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Under-Five Mortality Rate Reduced, More Work Required – UN Report

Unic Press UK: A United Nations report ‘Levels & Trends in Child Mortality’ issued Thursday has laid bare the health and well-being of children as of 2015, vis-à-vis the Millennium Development Goals (MDG) and world leaders’ commitment toward reducing the under-five mortality rate by two thirds between 1990 and 2015.

There is remarkable progress, but an acceleration is required to achieve the Sustainable Development Goals (SDG) target on child survival, especially in high mortality countries in sub-Saharan Africa, the United Nations Inter-agency Group for Child Mortality Estimation (UN IGME) said in its report.

Highlights of the report

From 1990 until 2015, sixty-two of one hundred and ninety-five countries with available estimates met the MDG 4 [Reduce Child Mortality] target, which was, to achieve a two-thirds reduction in the under-five mortality rate between 1990 and 2015, but more work is required to reach the MDG 4 target globally, in many regions, particularly in Caucasus and Central Asia, sub-Saharan Africa, Oceania and Southern Asia.

A substantive acceleration was registered in sub-Saharan Africa, the region with the highest rate of under-five mortality, given that its yearly rate of reduction had increased from 1.6 percent in 1990s to 4.1 percent in 2000–2015. Yet, an acceleration of this progress is required to achieve the Sustainable Development Goals (SDG) target on child survival.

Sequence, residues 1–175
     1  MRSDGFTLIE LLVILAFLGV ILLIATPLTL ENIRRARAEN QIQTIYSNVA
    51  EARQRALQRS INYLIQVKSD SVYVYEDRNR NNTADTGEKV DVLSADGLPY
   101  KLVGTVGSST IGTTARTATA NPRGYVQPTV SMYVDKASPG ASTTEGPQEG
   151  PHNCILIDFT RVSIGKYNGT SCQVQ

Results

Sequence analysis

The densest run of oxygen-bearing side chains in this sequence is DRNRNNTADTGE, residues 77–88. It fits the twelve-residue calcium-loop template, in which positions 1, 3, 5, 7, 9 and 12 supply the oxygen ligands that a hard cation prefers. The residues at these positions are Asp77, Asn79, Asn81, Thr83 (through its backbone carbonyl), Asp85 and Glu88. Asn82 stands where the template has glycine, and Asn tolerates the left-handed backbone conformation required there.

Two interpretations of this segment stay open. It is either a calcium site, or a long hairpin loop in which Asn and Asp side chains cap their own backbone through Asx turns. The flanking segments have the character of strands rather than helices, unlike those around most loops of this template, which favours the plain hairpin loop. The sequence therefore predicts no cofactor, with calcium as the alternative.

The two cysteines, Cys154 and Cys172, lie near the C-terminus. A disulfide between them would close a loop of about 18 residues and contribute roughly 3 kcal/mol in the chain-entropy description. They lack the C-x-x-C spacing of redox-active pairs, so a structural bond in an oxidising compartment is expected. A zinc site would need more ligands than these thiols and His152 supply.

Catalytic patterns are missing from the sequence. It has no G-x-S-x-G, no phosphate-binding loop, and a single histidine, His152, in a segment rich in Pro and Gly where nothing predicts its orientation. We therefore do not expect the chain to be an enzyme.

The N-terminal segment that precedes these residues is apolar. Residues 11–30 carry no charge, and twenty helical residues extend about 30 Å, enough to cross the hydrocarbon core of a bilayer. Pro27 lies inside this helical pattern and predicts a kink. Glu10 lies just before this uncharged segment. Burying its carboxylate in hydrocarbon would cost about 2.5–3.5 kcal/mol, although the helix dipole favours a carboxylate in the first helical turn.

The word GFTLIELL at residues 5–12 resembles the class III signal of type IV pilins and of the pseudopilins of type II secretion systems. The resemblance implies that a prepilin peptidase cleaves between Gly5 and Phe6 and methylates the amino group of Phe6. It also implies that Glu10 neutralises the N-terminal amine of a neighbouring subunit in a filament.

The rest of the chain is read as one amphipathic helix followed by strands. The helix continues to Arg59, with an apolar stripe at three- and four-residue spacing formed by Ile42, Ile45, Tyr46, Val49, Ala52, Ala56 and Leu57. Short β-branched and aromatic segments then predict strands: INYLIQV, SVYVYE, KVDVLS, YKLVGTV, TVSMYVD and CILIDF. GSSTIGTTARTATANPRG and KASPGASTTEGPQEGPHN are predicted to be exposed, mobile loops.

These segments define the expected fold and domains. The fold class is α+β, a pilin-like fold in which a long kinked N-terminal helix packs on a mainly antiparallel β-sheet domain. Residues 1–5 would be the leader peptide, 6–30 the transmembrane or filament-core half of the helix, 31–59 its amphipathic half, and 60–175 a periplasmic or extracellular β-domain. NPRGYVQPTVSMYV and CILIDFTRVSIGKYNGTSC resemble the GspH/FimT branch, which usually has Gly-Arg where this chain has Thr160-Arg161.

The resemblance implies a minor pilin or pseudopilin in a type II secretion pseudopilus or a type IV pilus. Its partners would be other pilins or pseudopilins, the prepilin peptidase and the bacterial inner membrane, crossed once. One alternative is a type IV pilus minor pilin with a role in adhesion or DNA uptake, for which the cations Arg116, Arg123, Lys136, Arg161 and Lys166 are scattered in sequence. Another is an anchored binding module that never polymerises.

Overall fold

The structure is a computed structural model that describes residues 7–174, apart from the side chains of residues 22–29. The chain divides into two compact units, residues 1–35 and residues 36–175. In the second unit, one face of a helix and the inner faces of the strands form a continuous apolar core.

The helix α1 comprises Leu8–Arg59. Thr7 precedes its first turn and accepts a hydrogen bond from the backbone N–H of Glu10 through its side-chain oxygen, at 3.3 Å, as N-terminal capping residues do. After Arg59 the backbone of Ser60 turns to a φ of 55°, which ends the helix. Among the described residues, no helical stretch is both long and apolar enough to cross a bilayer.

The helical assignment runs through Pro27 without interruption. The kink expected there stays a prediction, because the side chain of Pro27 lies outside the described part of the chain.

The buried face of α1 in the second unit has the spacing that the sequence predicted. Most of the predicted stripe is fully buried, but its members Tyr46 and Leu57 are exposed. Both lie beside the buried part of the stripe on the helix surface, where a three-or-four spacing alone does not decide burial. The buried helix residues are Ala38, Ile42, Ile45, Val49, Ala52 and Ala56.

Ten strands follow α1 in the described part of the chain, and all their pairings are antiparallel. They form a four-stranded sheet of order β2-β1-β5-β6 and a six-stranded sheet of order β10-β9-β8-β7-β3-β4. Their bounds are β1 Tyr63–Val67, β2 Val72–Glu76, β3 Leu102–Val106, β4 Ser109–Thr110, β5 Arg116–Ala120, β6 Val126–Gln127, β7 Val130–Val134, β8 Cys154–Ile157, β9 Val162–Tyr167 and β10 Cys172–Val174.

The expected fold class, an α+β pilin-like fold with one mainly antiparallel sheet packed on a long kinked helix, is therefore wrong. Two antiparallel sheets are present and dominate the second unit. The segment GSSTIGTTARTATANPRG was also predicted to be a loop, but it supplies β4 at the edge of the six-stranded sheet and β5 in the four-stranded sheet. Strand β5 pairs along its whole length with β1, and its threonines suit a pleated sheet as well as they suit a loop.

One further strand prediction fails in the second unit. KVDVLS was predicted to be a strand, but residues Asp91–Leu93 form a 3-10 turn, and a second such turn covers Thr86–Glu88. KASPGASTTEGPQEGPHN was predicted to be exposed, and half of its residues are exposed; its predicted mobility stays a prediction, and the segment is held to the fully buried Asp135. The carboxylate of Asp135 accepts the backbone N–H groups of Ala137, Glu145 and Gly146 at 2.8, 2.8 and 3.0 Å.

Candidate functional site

There has been a perceptible decline in the number of under-five deaths worldwide:

“The number of under-five deaths worldwide has declined from 12.7 (12.6, 13.0) million in 1990 to 5.9 (5.7, 6.4) million in 2015 – 16,000 every day compared with 35,000 in 1990,” reads the UN report.

The annual rate of reduction in under-five mortality increased from 1.8 percent in 1990–2000 to 3.9 percent in 2000–2015, thereby illustrating a globally accelerating progress in reducing the under-five mortality rate.

In most cases, under-five deaths in the world had resulted from neonatal complications and infectious diseases that are preventable and treatable with proven and cost-effective medications.

“Globally, the neonatal mortality rate fell from 36 (35, 38) deaths per 1,000 live births in 1990 to 19 (18, 21) in 2015, and the number of neonatal deaths declined from 5.1 (4.9, 5.3) million to 2.7 (2.5, 2.9) million. However, the decline in neonatal mortality from 1990 to 2015 has been slower than that of post-neonatal under-five mortality: 47 percent compared with 58 percent globally,” the UN said.


The UN IGME that produced the report was established in 2004 to help in harmonizing child mortality estimates within the UN system for reporting on progress made towards child survival goals; improve methods for child mortality estimation; and improve capacity to produce timely and thoroughly assessed estimates of child mortality.

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